Dungeons & Dragons
You understand wealth, power, and privilege. You carry a noble title, and your family owns land, collects taxes, and wields significant political influence. You might be a pampered aristocrat unfamiliar with work or discomfort, a former merchant just elevated to the nobility, or a disinherited scoundrel with a disproportionate sense of entitlement. Or you could be an honest, hard-working landowner who cares deeply about the people who live and work on your land, keenly aware of your responsibility to them.
Work with your DM to come up with an appropriate title and determine how much authority that title carries. A noble title doesn’t stand on its own—it’s connected to an entire family, and whatever title you hold, you will pass it down to your own children. Not only do you need to determine your noble title, but you should also work with the DM to describe your family and their influence on you.
Is your family old and established, or was your title only recently bestowed? How much influence do they wield, and over what area? What kind of reputation does your family have among the other aristocrats of the region? How do the common people regard them?
What’s your position in the family? Are you the heir to the head of the family? Have you already inherited the title? How do you feel about that responsibility? Or are you so far down the line of inheritance that no one cares what you do, as long as you don’t embarrass the family? How does the head of your family feel about your adventuring career? Are you in your family’s good graces, or shunned by the rest of your family?
Does your family have a coat of arms? An insignia you might wear on a signet ring? Particular colors you wear all the time? An animal you regard as a symbol of your line or even a spiritual member of the family?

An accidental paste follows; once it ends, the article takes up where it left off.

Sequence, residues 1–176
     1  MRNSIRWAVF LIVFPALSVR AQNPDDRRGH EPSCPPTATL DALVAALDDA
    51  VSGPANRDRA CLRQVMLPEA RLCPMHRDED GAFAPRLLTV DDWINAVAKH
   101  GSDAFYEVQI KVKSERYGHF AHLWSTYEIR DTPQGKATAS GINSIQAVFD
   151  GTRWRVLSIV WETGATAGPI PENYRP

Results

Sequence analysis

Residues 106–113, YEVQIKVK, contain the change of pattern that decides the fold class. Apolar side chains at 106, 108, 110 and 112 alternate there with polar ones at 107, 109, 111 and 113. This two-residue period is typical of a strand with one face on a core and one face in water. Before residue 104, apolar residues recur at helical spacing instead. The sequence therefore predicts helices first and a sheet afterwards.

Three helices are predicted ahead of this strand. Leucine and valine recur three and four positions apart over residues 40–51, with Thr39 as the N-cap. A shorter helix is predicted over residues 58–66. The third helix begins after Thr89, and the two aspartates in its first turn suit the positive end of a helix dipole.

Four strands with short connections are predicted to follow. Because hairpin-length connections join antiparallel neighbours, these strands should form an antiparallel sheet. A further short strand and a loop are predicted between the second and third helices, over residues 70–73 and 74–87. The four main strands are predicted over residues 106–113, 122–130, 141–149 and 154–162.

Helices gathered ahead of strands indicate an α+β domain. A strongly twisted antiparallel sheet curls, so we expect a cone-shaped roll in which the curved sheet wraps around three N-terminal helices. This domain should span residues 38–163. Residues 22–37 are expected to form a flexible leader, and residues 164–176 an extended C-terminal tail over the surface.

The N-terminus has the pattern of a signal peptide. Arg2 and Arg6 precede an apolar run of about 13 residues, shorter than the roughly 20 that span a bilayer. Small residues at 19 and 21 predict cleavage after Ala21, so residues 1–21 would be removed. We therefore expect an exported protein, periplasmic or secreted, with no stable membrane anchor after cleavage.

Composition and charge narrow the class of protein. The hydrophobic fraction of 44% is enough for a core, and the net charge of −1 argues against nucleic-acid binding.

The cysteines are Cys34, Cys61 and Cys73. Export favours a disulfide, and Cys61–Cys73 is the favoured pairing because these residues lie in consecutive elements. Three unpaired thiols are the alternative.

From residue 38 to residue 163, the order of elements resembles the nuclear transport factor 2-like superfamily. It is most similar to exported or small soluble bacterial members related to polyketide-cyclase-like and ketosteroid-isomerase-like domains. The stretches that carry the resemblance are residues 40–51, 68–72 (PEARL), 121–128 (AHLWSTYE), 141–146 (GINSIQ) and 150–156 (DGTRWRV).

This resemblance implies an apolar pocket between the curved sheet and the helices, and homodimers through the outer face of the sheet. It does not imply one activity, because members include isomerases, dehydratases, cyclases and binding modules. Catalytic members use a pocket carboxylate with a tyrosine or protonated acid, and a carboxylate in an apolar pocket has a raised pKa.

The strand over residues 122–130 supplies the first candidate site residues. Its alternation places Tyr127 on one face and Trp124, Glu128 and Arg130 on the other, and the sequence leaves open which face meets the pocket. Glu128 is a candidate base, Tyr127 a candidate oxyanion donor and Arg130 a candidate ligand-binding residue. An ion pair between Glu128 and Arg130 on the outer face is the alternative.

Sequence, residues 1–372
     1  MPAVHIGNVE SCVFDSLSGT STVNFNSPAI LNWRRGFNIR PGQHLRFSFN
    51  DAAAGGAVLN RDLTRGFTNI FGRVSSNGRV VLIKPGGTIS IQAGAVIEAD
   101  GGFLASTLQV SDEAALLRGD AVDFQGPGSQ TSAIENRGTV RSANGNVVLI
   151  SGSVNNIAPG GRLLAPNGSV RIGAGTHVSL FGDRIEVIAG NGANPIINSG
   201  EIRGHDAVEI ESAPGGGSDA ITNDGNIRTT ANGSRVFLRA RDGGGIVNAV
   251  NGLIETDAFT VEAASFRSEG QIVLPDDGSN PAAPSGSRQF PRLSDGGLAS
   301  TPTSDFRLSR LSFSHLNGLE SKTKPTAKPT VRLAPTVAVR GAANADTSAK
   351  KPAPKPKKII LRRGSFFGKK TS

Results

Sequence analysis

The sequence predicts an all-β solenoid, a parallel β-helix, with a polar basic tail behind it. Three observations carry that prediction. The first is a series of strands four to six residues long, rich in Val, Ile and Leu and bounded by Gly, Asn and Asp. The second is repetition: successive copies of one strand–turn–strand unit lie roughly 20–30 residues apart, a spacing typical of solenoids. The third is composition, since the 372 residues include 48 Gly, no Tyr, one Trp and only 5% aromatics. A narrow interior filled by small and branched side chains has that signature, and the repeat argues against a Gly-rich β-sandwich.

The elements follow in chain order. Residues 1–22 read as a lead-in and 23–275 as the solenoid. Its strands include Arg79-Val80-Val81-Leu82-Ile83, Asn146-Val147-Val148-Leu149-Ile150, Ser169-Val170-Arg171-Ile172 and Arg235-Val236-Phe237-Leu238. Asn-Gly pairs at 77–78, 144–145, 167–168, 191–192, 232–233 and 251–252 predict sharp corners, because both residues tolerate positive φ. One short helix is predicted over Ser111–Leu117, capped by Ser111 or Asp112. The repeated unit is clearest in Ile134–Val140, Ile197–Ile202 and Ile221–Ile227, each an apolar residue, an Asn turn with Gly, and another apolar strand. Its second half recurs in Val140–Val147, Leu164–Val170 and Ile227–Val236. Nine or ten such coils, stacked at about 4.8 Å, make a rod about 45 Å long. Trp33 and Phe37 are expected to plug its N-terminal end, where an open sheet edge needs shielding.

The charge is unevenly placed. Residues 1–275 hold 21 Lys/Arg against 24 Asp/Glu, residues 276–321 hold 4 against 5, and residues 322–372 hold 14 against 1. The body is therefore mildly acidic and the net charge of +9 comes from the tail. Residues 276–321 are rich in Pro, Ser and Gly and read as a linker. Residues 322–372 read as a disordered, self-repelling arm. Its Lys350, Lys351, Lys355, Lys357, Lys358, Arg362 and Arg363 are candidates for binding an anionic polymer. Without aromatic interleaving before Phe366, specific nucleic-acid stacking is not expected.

These details help establish your family and your title as features of the world of the campaign.
Skill Proficiencies: History, Persuasion
Tool Proficiencies: One type af gaming set
Languages: One of your choice
Equipment: A set of fine clothes, a signet ring, a scroll of pedigree, and a purse containing 25 gp
Position of Privilege
Thanks to your noble birth, people are inclined to think the best of you. You are welcome in high society, and people assume you have the right to be wherever you are. The common folk make every effort to accommodate you and avoid your displeasure, and other people of high birth treat you as a member of the same social sphere. You can secure an audience with a local noble if you need to.
Variant Feature: Retainers
If your character has a noble background, you may select this background feature instead of Position of Privilege. You have the service of three retainers loyal to your family. These retainers can be attendants or messengers, and one might be a majordomo. Your retainers are commoners who can perform mundane tasks for you, but they do not fight for you, will not follow you into obviously dangerous areas (such as dungeons). and will leave if they are frequently endangered or abused.
Nobles are born and raised to a very different lifestyle than most people ever experience, and their personalities reflect that upbringing. A noble title comes with a plethora of bonds—responsibilities to family, to other nobles (including the sovereign), to the people entrusted to the family’s care, or even to the title itself. But this responsibility is often a good way to undermine a noble.
Variant Noble: Knight
A knighthood is among the lowest noble titles in most societies, but it can be a path to higher status. If you wish to be a knight, choose the Retainers feature instead of the Position of Privilege feature. One of your commoner retainers is replaced by a noble who serves as your squire, aiding you in exchange for training on his or her own path to knighthood. Your two remaining retainers might include a groom to care for your horse and a servant who polishes your armor (and even helps you put it on).
As an emblem of chivalry and the ideais of courtly love, you might include among your equipment a banner or other token from a noble lord or lady to whom you have given your heart—in a chaste sort of devotion. (This person could be your bond.)